Sure enough, there’s a theme park in Secret World. Haunted, natch. But otherworlded or otherwise, I love a theme park in a videogame. One of my favorite theme parks was a whole level in the Battle Out of Hell add-on for Painkiller which included a working roller coaster. Theme parks — I’m going to lump circuses into this category — aren’t as novel as they were back in the day of the original Blood or Bad Day on the Midway. But they’re still just as welcome a sight.
The recent corridor shooter Darkness II had a disappointing theme park level, which makes me wonder if theme parks aren’t better suited to open-world games. Part of the appeal of a theme park when you’re a kid is being set loose to do whatever activity you want: ride the rides, get some junk food, play some of those games to win prizes, go through the fun house, whatever you want. Bully really got this with its theme park, which was like an open-world game inside an open-world game. Grand Theft Auto IV and Crackdown both had abandoned theme parks. Were abandoned theme parks always this forlorn, or does that partly come from seeing those famous pictures of the ferris wheel at Pripyat after the Chernobyl disaster?
After the jump, how does Secret World’s theme park measure up?
One of the things Secret World does so well is build a world with visible landmarks that let you get your bearings. The Savage Coast, which is where the theme park is located, does this particularly well with the ferris wheel and the lighthouse, both pulling you into areas with quests you won’t want to miss (also both featuring frustratingly bugged quests that I wasn’t able to complete when I first tried them).
The towering ferris wheel brings you to Secret World’s theme park. But once you’ve come in, the roller coaster is probably the most prominent feature for how it threads its way around the park. You’re constantly walking amoung the supports for the track. The roller coaster is everywhere you look. Eventually you’ll come to the platform where you get on the roller coaster cars. Sure enough, there’s an interaction symbol when you mouse over the roller coaster car. Are you ready for this?
Of course, maybe it didn’t occur to you that you haven’t seen the cars moving around while you’ve been doing the quests in this area. Maybe you’re like me and you thought you were actually going to ride the cars around the track to get a better view and a rush of speed. Maybe you expected something along the lines of the roller coaster in Painkiller, or even the roller coaster in Lego Batman 2, which whisks you and your co-op partner along the length of its track.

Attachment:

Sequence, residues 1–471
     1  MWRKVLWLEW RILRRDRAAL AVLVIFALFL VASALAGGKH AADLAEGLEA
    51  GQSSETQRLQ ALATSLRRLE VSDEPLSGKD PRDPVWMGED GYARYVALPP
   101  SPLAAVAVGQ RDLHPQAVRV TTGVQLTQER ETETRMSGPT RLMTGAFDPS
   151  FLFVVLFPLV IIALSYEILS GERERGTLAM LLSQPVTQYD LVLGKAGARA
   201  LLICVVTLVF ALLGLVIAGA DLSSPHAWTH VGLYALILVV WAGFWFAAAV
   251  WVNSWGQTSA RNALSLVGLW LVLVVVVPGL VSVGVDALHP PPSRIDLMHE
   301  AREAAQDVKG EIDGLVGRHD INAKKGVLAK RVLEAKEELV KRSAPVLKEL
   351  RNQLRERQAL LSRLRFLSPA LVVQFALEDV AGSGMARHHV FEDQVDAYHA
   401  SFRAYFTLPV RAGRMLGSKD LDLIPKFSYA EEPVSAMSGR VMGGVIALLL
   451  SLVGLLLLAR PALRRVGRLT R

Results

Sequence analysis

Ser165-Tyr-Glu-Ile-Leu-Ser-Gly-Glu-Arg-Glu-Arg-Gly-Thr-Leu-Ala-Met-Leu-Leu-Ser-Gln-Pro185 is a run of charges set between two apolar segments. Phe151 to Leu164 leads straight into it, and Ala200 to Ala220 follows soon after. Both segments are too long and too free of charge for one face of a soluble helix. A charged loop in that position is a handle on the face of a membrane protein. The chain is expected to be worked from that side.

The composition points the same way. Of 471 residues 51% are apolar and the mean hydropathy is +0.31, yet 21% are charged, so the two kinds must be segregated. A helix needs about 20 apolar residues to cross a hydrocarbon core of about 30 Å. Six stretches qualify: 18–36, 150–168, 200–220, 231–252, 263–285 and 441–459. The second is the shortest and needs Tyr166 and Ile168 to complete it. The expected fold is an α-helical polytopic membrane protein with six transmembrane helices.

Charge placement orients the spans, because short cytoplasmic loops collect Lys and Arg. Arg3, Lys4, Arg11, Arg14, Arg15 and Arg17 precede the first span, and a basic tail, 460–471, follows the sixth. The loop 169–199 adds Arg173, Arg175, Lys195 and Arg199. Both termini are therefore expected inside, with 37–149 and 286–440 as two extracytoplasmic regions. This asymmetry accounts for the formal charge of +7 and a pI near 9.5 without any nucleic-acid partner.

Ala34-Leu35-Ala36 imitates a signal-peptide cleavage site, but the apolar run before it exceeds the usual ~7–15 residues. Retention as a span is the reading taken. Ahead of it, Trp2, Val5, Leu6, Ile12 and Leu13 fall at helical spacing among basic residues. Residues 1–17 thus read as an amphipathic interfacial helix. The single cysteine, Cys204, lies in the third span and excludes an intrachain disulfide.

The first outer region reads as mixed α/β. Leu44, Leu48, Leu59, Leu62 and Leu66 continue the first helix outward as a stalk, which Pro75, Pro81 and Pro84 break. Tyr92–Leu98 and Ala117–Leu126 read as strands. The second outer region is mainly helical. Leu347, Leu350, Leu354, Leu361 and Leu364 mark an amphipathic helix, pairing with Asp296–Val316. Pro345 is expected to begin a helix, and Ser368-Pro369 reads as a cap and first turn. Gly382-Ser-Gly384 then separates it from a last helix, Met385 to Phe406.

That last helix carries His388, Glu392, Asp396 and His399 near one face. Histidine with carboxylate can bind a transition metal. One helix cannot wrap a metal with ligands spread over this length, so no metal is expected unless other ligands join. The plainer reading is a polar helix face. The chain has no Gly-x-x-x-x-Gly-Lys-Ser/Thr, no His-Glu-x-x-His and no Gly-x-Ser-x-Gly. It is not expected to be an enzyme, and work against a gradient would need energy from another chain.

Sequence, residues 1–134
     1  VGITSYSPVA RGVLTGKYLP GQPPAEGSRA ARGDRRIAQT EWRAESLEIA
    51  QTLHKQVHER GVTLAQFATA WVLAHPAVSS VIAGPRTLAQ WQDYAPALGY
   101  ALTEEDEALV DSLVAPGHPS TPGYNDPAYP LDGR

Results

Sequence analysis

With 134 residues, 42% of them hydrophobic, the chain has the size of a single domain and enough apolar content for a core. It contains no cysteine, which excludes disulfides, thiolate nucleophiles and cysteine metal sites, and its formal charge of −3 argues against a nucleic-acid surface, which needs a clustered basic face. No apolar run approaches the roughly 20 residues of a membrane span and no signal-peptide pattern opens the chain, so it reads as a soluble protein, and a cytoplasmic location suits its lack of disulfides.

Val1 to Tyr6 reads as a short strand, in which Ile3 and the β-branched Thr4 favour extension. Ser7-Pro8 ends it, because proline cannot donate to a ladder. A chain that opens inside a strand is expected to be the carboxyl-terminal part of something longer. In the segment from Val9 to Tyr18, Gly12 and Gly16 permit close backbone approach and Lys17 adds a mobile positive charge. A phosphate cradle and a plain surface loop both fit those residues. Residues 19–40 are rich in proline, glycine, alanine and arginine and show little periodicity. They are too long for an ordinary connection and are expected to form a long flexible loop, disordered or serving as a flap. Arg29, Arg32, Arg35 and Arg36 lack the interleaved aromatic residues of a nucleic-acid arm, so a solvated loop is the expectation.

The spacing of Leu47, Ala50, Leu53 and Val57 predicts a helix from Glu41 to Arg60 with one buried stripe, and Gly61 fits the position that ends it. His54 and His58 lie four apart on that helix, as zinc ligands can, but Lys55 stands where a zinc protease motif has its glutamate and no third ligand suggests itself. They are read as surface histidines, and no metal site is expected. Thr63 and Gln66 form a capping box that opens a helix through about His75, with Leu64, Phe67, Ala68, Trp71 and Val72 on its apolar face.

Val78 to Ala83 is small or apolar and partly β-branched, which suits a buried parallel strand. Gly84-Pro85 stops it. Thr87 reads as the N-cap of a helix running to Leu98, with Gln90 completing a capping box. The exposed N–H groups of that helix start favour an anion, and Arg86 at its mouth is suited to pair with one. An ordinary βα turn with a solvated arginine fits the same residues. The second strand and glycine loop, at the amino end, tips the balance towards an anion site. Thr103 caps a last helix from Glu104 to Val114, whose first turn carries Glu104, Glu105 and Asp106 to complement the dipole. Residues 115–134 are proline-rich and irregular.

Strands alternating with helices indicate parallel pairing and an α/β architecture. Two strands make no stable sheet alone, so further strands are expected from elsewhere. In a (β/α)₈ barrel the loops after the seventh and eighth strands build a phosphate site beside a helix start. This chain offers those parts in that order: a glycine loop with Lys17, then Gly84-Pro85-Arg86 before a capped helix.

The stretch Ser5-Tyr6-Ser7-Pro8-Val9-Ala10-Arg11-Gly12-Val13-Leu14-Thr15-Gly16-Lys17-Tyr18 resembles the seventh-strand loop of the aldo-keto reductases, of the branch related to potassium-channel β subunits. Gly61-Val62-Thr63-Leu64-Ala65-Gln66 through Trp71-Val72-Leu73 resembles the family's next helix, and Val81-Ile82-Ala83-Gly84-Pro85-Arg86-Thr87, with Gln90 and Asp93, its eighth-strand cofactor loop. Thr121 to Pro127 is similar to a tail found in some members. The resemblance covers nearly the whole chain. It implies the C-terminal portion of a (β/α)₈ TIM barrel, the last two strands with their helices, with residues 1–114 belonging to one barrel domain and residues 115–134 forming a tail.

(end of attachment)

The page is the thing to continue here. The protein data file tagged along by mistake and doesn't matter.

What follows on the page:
But here’s what you get in Secret World:
It’s a letterboxed cutscene of someone riding the roller coaster. Some ghosts pop out. Big whoop. I wanted to ride the roller coaster and all I got was a movie of someone else riding a roller coaster?
One of the problems with Secret World is that it does a horrible job situating your character in the action when you’re not doing the quests or MMOing your way through the world. It’s telling much more of a story than the usual MMO, but when it comes time to tell that story, you’re little more than a mute placeholder. This is understandable, since not every MMO can record dialogue for the player’s character, like Star Wars: The Old Republic. So in this game, the NPCs — some of whom are wonderfully written and voice acted — either talk to each other while your mute avatar gawks awkwardly, or the NPCs just hold forth with a contrived monologue. When you face down a villain, he has no choice but to monologue ridiculously, because you’re sure not going to say anything. There are even a few points in the game where Secret World makes a joke about you not talking. You aren’t amused. As a participant in the story, you’re a big fat hole where an actual character belongs. Such is the lot of an MMO that tries to tell a story.
I understand the technical limitations that keep the roller coaster from working as expected. But it doesn’t mean I’m any less disappointed for not being taken on the ride I expected.